Aug 02, 2012|
What I hate most about public holidays is that everybody wants to travel during them, driving up airfare to popular weekend getaways like Bangkok, Singapore and Hanoi. Having been blessed with a multi-entry China visa (when it was granted, I nearly jumped up and down like I’d won the Mark Six but attempted to stay cool for the sake of the stern visa officer), I decided to take a chance on a long-weekend destination not-too-frequently visited by non-Mandarin speakers: Sanya.
Located along the southern coast of Hainan Island, Sanya is a palm tree-filled city-slash-resort town on the South China Sea that’s been magnanimously dubbed the “Hawaii of China.” Its claim to fame is that, as the southernmost part of the mainland, it’s the only part where coconuts can grow. So I started to think: quality beach time; water sports that are affordable and plentiful; Hainan chicken rice… plus flight and accommodation costs that don’t break the bank? Sanya’s just over an hour away, and you can nab a round-trip for well under $2,000. Sign me up.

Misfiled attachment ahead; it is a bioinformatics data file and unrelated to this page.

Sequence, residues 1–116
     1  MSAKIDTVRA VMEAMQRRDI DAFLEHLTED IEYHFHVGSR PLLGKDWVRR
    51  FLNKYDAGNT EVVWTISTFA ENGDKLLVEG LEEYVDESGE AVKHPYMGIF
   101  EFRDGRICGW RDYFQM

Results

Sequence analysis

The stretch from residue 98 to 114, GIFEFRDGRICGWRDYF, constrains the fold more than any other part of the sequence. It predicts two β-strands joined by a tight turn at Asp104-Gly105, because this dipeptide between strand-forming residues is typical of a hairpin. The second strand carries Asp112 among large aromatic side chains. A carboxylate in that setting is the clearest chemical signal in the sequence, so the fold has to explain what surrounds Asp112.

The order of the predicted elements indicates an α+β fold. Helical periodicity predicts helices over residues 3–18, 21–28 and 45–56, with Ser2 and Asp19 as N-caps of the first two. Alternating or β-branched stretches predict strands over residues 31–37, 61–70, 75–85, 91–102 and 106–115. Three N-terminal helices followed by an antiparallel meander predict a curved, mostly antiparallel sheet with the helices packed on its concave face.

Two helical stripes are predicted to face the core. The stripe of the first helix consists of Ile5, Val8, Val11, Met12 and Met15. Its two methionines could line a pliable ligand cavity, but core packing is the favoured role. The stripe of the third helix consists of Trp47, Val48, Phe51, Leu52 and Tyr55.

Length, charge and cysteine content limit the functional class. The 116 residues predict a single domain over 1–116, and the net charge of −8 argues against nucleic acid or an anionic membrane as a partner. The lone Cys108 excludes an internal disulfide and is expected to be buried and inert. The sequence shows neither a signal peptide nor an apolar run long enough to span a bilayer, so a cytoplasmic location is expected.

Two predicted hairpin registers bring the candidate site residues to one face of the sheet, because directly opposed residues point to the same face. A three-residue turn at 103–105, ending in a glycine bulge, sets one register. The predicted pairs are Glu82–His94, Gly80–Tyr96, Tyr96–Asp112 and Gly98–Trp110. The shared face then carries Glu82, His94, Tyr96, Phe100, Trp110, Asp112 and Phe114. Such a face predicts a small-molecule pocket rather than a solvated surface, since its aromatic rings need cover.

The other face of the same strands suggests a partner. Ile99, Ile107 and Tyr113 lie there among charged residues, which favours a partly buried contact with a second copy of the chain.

I lucked out, because the six-month-old St. Regis resort in Yalong Bay—one main stretch of beach with hotel after hotel—offered me two nights’ stay so that I could check out their facilities and restaurants. Upon arrival, I flung myself onto the plush bed, grateful that I’d been given a lagoon room, which is located on the ground level and has a small pool that you can step into right outside the balcony door. A butler is assigned to every room, and mine was eager to please, helping me deal with a soaked cushion and bringing me a complimentary floppy hat to avoid sunburn. Two pools and a beachfront area with water sports, as well as a movie screening room, tennis courts, gym, yoga studio and the beautiful Iridium Spa all mean that it’s hard to get bored. With a decadent daily breakfast at Social that runs till 11am, and afternoon tea followed by free cocktails every day at 6pm at The Drawing Room in the lobby, it’s also exceedingly difficult to go hungry (or thirsty). Reasonably priced parasailing and jet-skiing is plentiful along Yalong Bay and other beaches in the area. A friend did ask me if I would parasail there given China’s bad reputation for safety standards—but my sense is to trust it if you arrange the activities through a luxe hotel and not an independent operator. My main complaint was that communication with staff proved surprisingly inefficient for non-Mandarin speakers, causing some humorous misunderstandings and slower service than one would expect from a resort of this caliber.